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To the authors already referred to on the subject of this article, Sleidan, Beausobre, Claude, and Milner, may be added; and those who wish to know what has been said on the other side, and in what light the Reformation and Protestantism are view. ed by the members of the Church of Rome, may consult Maimbourg, (refuted by Seckendorf) and the works of the Bishop of Meaux, particularly his Hist. des Variations des Eglises Protestantes. Paris, 1688; or in English in 2 vol. 8vo.

“ It is very remarkable, that a Romanist may turn Protestant without adding any one article to his faith, but a Protestant cannot turn to Rome unless he embrace many new articles; for our doctrines are generally confessed by both sides to be true, but those of the Roman church are rejected by our reformers, as novel additions, and such as have no good foundation in Scripture, nor genuine antiquity; and therefore the Protestant doctrines are the surer and safer, as in which both sides agree:

:-For example, we and they both hold there are two states after this life, heaven and hell; but they add a third, which is purgatory, and this we deny:—We and they both say, that sins are to be remitted by the merits of Christ's death; but they add the merits of the saints, and their own satisfactions, with the merit of their own good works, which we deny to be expiatory, or such as can merit remission for us :—We hold there be two sacraments, Baptism and the Eucharist; these they confess are the chief, but add five more, to which we affirm the name of sacraments doth not proper


ly belong :-We say that God alone is to be worshipped; they confess he is chiefly to be worshipped: but then they say, the blessed Virgin Mary, angels, and saints, are to be worshipped also ; which additions we deny:-We say, Christ is our only Mediator and Advocate; they confess he is principally so, but add, that saints and angels are so in an inferior manner; which we utterly deny :We say Christ is really present in the sacrament of the altar; this they confess, but add, he is corporally there by the transubstantiation of the bread, &c. and this we deny :-We say the Scriptures are the rule of faith, and they will not absolutely deny it, but add their own traditions, which we reject:We say there are twenty-two books of the Old Testament canonical; and they confess these all to bé so, but they add divers, and call them canonical, which we affirm to be apocryphal. I could give more instances; but these may suffice to shew, that the Protestant doctrines look most like the ancientest, as being received by both parties; but the Roman opinions are novel enlargements added to the old Catholic truths."*

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* Dr. Comber's Friendly and Seasonable Advice to the Roman Catholics of England, p. 133, 134, 135, 12mo. 1685.








Though Christianity be now found in its purest state, as to doctrines, worship, and ceremonies, among Protestants, it must notwithstanding be admitted, that some branches of this division of Christians have widely departed from the primitive doctrine, in regard to the object of worship; and also from that primitive form of church-government which universally prevailed in the Christian Church till the era of the Reformation; or, at least, it is evident that Protestants widely differ on these heads, as well as on the subject of the means and measure of the divine favour. And, as reference will often necessarily be made, in the course of this work, to the prevailing opinions on all these points, it will be proper that I give the reader some account of them, before I proceed to consider the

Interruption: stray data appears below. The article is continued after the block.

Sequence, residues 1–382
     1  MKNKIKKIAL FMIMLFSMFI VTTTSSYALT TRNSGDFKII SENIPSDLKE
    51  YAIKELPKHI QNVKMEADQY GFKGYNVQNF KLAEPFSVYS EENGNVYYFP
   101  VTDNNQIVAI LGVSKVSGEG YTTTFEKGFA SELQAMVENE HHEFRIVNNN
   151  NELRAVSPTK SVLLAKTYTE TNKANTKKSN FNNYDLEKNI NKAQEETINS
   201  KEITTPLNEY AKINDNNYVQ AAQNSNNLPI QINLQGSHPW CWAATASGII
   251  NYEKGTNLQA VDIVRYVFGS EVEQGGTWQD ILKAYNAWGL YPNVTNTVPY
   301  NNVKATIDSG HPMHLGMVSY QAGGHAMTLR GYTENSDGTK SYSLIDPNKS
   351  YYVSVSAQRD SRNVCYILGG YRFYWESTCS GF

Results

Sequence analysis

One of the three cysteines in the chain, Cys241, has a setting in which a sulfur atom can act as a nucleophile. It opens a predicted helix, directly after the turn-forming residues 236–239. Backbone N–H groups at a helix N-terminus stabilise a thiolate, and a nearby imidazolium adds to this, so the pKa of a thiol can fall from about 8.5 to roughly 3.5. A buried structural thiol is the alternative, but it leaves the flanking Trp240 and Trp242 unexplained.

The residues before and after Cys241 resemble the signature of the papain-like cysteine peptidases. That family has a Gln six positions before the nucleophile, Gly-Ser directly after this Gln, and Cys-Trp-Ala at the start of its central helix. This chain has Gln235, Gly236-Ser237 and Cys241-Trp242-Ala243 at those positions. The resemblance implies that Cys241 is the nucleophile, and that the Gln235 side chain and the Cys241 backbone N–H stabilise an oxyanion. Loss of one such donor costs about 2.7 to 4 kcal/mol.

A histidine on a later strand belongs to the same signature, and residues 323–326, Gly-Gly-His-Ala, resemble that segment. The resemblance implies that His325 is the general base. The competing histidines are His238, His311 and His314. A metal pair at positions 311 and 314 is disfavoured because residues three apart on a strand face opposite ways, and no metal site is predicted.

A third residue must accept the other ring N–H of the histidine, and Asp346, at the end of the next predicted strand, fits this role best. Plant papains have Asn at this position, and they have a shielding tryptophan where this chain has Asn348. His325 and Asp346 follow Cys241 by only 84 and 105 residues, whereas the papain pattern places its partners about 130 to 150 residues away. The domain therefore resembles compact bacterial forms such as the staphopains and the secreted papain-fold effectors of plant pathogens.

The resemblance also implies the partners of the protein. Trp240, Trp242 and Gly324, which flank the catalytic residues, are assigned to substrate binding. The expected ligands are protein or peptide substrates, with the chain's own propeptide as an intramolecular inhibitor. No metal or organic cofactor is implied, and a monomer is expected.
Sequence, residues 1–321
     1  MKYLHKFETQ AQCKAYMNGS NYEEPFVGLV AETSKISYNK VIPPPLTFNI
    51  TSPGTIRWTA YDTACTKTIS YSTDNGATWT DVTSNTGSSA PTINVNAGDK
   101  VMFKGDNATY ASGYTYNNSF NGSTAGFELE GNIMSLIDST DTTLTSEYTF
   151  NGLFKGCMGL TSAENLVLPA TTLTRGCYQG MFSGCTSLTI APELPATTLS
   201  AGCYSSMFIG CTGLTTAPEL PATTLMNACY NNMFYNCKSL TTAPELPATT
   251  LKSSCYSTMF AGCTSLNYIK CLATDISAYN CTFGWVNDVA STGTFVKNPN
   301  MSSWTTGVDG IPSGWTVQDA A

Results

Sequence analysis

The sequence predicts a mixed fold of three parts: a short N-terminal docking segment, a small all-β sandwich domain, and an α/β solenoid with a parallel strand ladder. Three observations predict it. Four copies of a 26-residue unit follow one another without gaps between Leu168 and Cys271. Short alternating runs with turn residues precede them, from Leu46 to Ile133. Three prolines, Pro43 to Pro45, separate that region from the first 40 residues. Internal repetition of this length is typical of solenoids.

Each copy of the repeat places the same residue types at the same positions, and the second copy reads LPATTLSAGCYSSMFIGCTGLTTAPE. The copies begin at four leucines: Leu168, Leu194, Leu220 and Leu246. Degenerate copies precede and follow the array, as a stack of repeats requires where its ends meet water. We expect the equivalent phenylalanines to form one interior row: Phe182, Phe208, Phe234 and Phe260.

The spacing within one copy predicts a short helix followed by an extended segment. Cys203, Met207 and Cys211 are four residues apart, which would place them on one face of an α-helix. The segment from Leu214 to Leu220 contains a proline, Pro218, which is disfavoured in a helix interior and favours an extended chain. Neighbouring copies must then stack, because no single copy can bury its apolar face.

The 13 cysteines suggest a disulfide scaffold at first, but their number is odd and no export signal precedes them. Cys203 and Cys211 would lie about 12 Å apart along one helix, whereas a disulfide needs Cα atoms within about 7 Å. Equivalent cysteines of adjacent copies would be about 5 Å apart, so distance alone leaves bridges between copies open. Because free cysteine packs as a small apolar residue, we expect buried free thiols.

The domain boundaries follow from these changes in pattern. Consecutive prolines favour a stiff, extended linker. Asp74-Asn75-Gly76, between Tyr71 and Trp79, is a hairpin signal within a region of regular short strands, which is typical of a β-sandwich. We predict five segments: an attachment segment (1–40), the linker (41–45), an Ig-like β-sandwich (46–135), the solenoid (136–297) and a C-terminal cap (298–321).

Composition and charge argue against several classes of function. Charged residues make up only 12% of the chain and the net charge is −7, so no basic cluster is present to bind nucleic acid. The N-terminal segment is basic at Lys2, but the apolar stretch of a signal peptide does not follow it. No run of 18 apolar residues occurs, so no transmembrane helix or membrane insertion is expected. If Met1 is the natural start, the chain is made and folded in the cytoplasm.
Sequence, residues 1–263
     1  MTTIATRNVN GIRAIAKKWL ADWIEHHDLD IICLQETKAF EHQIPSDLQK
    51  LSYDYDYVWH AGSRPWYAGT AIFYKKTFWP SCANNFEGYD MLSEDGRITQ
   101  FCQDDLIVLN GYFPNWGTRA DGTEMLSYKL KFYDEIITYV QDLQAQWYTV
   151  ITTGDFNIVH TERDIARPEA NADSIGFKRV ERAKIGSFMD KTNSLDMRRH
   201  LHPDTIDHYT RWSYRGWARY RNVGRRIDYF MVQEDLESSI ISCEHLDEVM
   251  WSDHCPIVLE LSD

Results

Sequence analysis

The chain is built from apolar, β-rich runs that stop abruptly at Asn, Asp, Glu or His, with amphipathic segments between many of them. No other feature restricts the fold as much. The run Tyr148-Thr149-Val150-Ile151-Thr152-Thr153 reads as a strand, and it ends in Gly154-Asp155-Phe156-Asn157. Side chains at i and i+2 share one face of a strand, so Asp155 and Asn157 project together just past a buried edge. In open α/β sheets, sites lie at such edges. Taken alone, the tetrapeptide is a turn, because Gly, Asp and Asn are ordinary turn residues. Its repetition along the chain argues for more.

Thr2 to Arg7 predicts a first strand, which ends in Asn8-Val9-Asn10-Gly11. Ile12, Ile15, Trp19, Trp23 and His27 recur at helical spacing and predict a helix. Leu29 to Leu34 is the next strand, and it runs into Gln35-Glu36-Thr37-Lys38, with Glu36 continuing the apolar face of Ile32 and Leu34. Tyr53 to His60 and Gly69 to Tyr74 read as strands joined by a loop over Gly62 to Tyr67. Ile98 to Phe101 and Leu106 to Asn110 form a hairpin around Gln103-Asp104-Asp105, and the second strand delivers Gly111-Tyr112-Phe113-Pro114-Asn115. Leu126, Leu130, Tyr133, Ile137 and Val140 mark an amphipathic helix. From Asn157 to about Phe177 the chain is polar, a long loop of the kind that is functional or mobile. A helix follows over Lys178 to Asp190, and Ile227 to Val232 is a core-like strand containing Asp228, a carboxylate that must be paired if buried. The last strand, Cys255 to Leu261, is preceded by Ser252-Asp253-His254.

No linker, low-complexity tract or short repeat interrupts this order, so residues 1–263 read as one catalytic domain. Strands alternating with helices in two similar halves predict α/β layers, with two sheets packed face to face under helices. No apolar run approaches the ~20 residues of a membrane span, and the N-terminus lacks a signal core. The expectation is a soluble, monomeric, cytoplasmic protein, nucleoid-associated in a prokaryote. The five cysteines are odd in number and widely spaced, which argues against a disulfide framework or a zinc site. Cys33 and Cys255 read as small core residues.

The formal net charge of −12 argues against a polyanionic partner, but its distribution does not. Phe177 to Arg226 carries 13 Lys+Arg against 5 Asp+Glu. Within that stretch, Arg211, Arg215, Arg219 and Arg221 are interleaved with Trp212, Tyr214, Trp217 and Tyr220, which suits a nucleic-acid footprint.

several Protestant Churches and denominations of the present day.

In regard to the Object of Divine Worship, the different opinions which now prevail in the world may be reduced to these four, viz. that

1. Of the Trinitarians and Athanasians;
2. Of the Sabellians;
3. Of the Arians; and,
4. Of the Unitarians.

As to the Means and Measure of the Divine Favour, the prevailing doctrines are these three, viz. that

1. Of the Calvinists;
2. Of the Arminians; and,
3. Of the Antinomians.

And, on the subject of Church-Government, three different opinions are now found to be prevalent, viz. that

1. Of the Episcopalians ;
2. Of the Presbyterians; and,
3. Of the Independents.

Of all these in their order.

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NAMES.—The term Trinitarian is applied to all those that profess to believe the doctrine of the Trinity,* in opposition to Arians and Socinians, who style themselves Unitarians and Anti-Trinitatarians.-A great proportion of the Trinitarians receive the creed that goes under the name of Athanasius; and to these only should the term Athanasian be applied, and not to all Trinitarians, as is sometimes the case.

The Presbyterians in Scotland, and the three classes of Protestant dissenters in England in general, with many others, both at home and abroad, are Trinitarians, but do not receive the Nicene or the Athanasian creeds, although they hold the substance of the doctrine which they contain; they therefore cannot properly be called Athanasians.

* Trinity is not a scriptural term, but was introduced into the church in the ad century, to express the union of the three persons in the Godhead.

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